Biblical stories seem to be in vogue at the moment in Hollywood. At least ten adaptions of Bible stories are at some stage of production, there's even talk
of a "Ben-Hur" remake.
"Noah", the first of these biblical epics to come our way is released in the UK on Friday 4th April. As you would expect with a film based on the Bible,
controversy isn't that far away. Allegedly even before its release the film has been made the subject of a fatwa by leading members in Sunni Islam. It's
also been banned in three Arab countries - Qatar, Bahrain and UAE - for its depiction of religious characters. Not one to shy away from controversy Crowe
caused a stir recently when he tweeted the Pope offering to show him the finished film, needlessly to say the Pope declined his invitation.
Christian groups, particularly in the US have been predicting that the film will take liberties with its source, the Book of Genesis. Now that it's been
released, the big question is, does it take liberties?
The answer I have to say is somewhere in the middle. Director co/writer Darren Aronofsky (Black Swan) film does feel more like "Mad Max" and "Lord of the
Rings" than the Book of Genesis and he does introduce characters and plot lines not present in the original. However even with the directors changes he
does also remain true to the story of Noah. We have to remember that this is a story for a modern generation and in telling the story of Noah in the way
that he does Aronofsky makes it more accessible to today's cinema going audience than a straight remake of a 50's religious epic would ever be.
Noah's land doesn’t look like any biblical epic we’ve ever seen before, the ashen volcanic flatlands of Iceland now stand-in in for the deserts of the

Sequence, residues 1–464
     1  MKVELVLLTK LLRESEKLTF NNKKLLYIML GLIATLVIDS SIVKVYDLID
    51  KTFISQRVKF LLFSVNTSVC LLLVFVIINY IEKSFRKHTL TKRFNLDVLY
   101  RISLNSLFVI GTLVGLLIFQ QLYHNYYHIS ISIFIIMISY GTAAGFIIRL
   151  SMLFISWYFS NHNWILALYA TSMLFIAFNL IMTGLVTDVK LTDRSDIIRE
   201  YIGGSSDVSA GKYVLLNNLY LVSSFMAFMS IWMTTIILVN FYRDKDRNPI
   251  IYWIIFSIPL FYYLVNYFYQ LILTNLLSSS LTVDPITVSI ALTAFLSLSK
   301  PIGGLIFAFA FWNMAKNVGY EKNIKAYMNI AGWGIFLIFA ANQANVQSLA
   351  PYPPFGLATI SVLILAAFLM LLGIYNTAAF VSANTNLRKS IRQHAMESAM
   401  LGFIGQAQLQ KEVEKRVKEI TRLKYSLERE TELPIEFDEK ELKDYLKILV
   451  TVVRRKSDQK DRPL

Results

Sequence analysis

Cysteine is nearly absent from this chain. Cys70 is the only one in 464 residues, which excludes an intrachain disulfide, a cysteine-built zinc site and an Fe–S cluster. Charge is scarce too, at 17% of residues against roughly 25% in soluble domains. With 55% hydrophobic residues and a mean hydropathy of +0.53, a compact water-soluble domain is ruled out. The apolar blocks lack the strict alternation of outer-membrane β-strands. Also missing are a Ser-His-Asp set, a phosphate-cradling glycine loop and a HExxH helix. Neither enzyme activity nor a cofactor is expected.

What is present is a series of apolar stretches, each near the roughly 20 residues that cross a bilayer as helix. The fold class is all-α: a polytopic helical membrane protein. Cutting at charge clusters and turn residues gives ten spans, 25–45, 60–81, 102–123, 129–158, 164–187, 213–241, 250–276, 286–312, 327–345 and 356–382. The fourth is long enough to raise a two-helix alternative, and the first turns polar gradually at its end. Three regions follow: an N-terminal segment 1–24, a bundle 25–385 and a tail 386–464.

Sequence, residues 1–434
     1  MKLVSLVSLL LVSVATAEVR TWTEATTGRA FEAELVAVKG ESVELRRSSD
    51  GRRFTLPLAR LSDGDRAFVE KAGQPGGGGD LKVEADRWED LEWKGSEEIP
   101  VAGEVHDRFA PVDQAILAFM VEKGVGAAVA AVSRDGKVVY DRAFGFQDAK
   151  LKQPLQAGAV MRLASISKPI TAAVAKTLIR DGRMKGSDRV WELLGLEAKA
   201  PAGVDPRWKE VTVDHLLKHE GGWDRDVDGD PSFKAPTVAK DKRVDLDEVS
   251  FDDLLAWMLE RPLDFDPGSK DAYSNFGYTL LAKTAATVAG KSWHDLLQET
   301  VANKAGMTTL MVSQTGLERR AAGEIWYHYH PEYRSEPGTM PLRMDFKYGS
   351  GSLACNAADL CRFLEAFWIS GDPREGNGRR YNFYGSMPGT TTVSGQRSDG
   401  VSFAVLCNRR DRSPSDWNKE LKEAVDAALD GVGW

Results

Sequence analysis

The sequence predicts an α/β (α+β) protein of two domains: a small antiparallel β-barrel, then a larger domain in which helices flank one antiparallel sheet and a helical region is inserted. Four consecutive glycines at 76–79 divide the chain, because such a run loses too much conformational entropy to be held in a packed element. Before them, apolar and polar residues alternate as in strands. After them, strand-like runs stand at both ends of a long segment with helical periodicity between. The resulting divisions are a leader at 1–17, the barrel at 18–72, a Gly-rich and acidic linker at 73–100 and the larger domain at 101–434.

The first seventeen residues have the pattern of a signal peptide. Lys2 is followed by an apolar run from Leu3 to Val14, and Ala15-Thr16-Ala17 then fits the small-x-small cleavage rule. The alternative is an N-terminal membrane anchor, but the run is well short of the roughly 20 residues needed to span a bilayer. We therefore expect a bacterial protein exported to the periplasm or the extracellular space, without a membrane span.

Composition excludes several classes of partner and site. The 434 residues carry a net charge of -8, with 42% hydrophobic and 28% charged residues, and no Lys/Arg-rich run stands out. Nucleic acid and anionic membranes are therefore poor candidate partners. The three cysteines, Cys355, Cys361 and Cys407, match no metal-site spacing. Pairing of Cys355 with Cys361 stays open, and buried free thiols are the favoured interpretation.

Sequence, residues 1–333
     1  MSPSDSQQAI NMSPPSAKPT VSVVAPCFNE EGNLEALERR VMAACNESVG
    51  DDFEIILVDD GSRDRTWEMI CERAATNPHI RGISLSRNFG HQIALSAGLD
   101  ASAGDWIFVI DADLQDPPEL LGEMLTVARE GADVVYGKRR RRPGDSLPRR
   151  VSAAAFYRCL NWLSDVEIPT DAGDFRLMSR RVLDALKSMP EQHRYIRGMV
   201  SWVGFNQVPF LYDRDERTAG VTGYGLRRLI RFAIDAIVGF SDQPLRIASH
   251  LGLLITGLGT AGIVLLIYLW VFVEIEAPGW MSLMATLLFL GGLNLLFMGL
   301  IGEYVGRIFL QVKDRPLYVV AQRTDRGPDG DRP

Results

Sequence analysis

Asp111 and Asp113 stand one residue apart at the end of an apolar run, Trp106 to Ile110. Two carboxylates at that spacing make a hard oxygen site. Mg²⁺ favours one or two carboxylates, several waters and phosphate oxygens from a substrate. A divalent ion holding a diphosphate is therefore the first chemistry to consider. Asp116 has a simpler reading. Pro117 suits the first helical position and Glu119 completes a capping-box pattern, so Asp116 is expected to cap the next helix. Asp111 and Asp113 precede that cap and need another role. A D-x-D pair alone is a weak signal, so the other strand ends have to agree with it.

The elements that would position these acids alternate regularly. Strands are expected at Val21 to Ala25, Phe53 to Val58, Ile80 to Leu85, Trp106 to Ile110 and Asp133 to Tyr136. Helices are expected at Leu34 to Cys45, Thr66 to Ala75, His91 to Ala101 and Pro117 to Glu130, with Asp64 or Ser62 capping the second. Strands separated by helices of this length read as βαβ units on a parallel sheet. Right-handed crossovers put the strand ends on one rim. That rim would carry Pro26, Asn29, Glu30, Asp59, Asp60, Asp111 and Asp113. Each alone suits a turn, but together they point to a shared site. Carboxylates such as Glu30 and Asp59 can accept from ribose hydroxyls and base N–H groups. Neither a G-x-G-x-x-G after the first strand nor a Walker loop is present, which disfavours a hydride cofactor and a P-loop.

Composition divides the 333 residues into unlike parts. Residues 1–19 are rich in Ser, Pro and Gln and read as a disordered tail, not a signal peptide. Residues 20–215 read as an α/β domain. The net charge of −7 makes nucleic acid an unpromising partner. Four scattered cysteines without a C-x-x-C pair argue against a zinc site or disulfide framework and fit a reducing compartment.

Middle East. †The children of Cain, banished from Eden, have spread across the land and created a vast industrial civilisation; they have now laid waste to
their environment and wander the wastelands killing all before them. Noah, the last good man on earth (Russell Crowe in his best role for some time) lives a
righteous life away from men, he and is family are outsiders who wander this wasteland scavenging in order to survive.
Noah doesn't hear the voice of God (the word God is never mentioned, he's now the Creator) but instead receives instructions about what to do in disturbing
visions. A flood he is told will cleanse the earth and the wicked will be swept away. It's during one of these visions that Noah is tasked with preserving
the world's life forms and to do this he must build the fabled ark.
As Noah builds his ark - aided by giant fallen angels who are now encased in stone -an army of desperate people, led by Tubal-Cain (Ray Winstone) gather.
These are men who believe in their own destiny and they will not let the Creator wash them off the face of the earth. So it is set for an epic
confrontation between man, Noah and the Creator.
Aronofsky film is certainly epic in terms of its scale and it is without doubt a visionary fusion of Old Testament awe with modern blockbuster spectacle.
Will it be to everyone's taste, I have my doubts. However if you go in and take it for what it is, an escapist piece of fiction loosely based on the story
of Noah then you shouldn't be disappointed.